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  1. JMinn's Avatar Member
    Join Date
    Dec 2018
    Hi everyone! This is my first time posting on a forum like this because I haven't built a model in years. I'm painting a 70 mustang in duplicolor because I want it to look just like his. I bought the perfect match primer Dupli Color Paint Issue , color and clear so I wouldn't have any problems but the color coat looks horrible. The primer Dupli Color Paint Issue coat went on perfect, I didn't even sand Dupli Color Paint Issue it because it was so smooth so the next day I went to the color coat. I've put about 5 coats on and they all went on smooth but the paint looks so dried out. Now I do live in Illinois where the highest it'll get temperature wise is about 40 so I made sure to keep the car inside at all times unless I went in the garage to paint it. What I can't understand is that the hood and tail end came out perfect but the body looks terrible. The only thing I can think of is that I painted the little parts first, put those aside and then painted the body so I could drag it back inside right away. Could the little parts being in the cold for a few minutes could have caused it to dry better? Thoughts?
    Dupli Color Paint Issue-20181230_104638-jpgDupli Color Paint Issue-20181230_104651-jpgDupli Color Paint Issue-20181230_104647-jpg

  2. Egon's Avatar Moderator
    Join Date
    Sep 2009
    Hi Josh I think it's the cold weather or humidity, but can't say.

  3. JunkGTZ's Avatar VIP/Sponsor
    Join Date
    Dec 2012
    My guess, having lived in Illinois (Geneva), if the temps are in the 40's then the air might be too damp especially if you have had rain rather than snow. You are better off either painting inside where it is dry, or waiting for a few days of 30 degree or high 20's and maybe put an electric heater in the garage while you paint. I live in Mississippi now and our winters are back and forth between 50's with occasional dips below freezing and the humidity is still very thick, and actually makes not so cold temps more bone chilling when it does get low because the air is still so full of moisture. Find a way to dry things out in your painting space while keeping the parts warm.

    If not dampness, perhaps the primer Dupli Color Paint Issue needed a longer curing Dupli Color Paint Issue time?

  4. MODEL A MODEL's Avatar Yearly Subscriber
    Join Date
    Feb 2017
    Hello Josh!

    It is most likely the temp and humidity. Painting is the hardest aspect of model making to learn, and the preparation to do it right can easily be hours for just a few minutes of actual spraying. There are so many variables. But to start off you need a very warm dry place. I have seen guys build phone booth sized spray booths, and or, the smaller of the "picnic" type tents, set up for a day, or two, in their garage just so they can control the environment.

    Another thing is to spray it wet, not so much that you get drips and sags, but it need's to go on smooth. And resist the temptation to spray "just a little more" after the paint has started to dry.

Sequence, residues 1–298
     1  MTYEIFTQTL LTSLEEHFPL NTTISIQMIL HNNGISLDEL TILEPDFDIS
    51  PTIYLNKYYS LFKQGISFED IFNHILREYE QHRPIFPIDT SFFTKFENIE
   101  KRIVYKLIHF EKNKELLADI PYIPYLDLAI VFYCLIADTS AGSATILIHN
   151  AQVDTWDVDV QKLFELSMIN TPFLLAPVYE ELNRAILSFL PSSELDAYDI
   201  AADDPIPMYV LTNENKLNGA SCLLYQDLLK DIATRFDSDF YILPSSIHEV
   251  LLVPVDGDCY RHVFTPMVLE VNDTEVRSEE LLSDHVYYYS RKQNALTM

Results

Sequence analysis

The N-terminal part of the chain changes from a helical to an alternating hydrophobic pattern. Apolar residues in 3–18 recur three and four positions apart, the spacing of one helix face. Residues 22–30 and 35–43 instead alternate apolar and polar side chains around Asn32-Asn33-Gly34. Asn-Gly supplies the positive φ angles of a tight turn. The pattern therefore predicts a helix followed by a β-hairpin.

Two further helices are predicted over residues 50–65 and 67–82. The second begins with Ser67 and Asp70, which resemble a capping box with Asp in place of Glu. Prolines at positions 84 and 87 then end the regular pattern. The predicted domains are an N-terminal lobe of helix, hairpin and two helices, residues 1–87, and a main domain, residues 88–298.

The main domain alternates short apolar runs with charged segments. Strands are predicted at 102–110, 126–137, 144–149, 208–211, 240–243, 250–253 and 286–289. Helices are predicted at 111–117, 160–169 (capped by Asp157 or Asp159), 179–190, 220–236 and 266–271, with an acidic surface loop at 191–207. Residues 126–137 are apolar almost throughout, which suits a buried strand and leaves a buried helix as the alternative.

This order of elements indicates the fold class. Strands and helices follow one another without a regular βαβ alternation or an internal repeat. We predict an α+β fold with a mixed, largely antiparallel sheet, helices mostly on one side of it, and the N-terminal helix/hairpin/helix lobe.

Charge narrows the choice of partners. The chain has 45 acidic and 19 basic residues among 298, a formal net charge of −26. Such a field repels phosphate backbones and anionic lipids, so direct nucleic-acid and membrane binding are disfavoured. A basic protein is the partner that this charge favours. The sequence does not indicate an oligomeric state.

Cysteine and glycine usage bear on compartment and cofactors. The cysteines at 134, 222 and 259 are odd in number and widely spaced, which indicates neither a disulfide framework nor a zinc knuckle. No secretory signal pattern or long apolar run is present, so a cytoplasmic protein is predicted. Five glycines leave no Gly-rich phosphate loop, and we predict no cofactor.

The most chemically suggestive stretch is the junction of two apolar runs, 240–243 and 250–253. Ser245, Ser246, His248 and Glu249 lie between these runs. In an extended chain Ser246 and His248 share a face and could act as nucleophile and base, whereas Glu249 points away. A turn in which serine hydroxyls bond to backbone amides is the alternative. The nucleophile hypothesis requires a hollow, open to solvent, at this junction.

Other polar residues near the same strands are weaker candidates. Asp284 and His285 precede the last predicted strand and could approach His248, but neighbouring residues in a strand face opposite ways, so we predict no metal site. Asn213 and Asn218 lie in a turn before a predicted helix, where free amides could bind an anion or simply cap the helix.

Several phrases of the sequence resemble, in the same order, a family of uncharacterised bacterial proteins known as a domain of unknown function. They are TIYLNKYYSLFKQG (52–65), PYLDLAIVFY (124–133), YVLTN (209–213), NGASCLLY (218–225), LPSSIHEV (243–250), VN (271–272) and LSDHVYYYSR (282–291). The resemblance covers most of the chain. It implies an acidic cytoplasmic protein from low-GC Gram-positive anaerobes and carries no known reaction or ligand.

Humidity can cause the paint to "blush" which is some of what you have showing. (the matte surfaces on top of your gloss)

    It looks like you are going to have to wait for warmer and dryer weather. Sorry! Or, create a space, that is clean, very warm, and dry. This includes the paint. Your paint should not be cold! And while drying the model needs to stay in that nice warm place till it is dry.

    A last note, and I say this after years of talking to hundreds of modelers, -Do you practice painting? Most people do not until they think about it. -It's not easy to learn, how fast you move your airbrush Dupli Color Paint Issue , or can, how close to the surface are you, -if your using an airbrush Dupli Color Paint Issue , how thick or thin is the paint, are you using the right solvent? did you pour the paint through a filter to get rid of any undissolved lumps, are you using the right tip to apply the right amount of paint? Its a lot! And professional painters do practice.

    Think about it, you have put in dozens, hundreds, maybe thousands of hours of work, your modeling techniques are perfect, your research, your choice of materials, modifications, scratch-building, what-ever! You have surfaced the model superbly, applied a flawless primer Dupli Color Paint Issue coat, -which must be thoroughly dry, and you lightly sanded it to give some "tooth" for the paint to grab,( 500 grit), -and the first thing that every one sees is the paint. (Actually the first thing they see is the surfacing under the paint. - A poorly surfaced body will not be hidden by the paint, and of course a poorly painted body . . .

    Humidity and temperature!

    Happy New Year!

    Last edited by MODEL A MODEL; 01-01-19 at 02:42 AM.
    -craftsmanship is a lifelong project of
    self-construction and self determination

  5. Roger Zimmermann's Avatar Yearly Subscriber
    Join Date
    May 2012
    The paint you choose is for real car isn't it? Or is the primer Dupli Color Paint Issue you used a sealing product to avoid the disastrous consequences while painting a plastic model with an inappropriate paint?
    I painted once a '56 Eldo model with, like you, a Duplicolor paint. The end result was not good at all, maybe similar to your model. I don't remember how I half solved th situation but after that, I choose paint which are compatible with plastic models. Unfortunately, as you probably noted, the choice is much limited.

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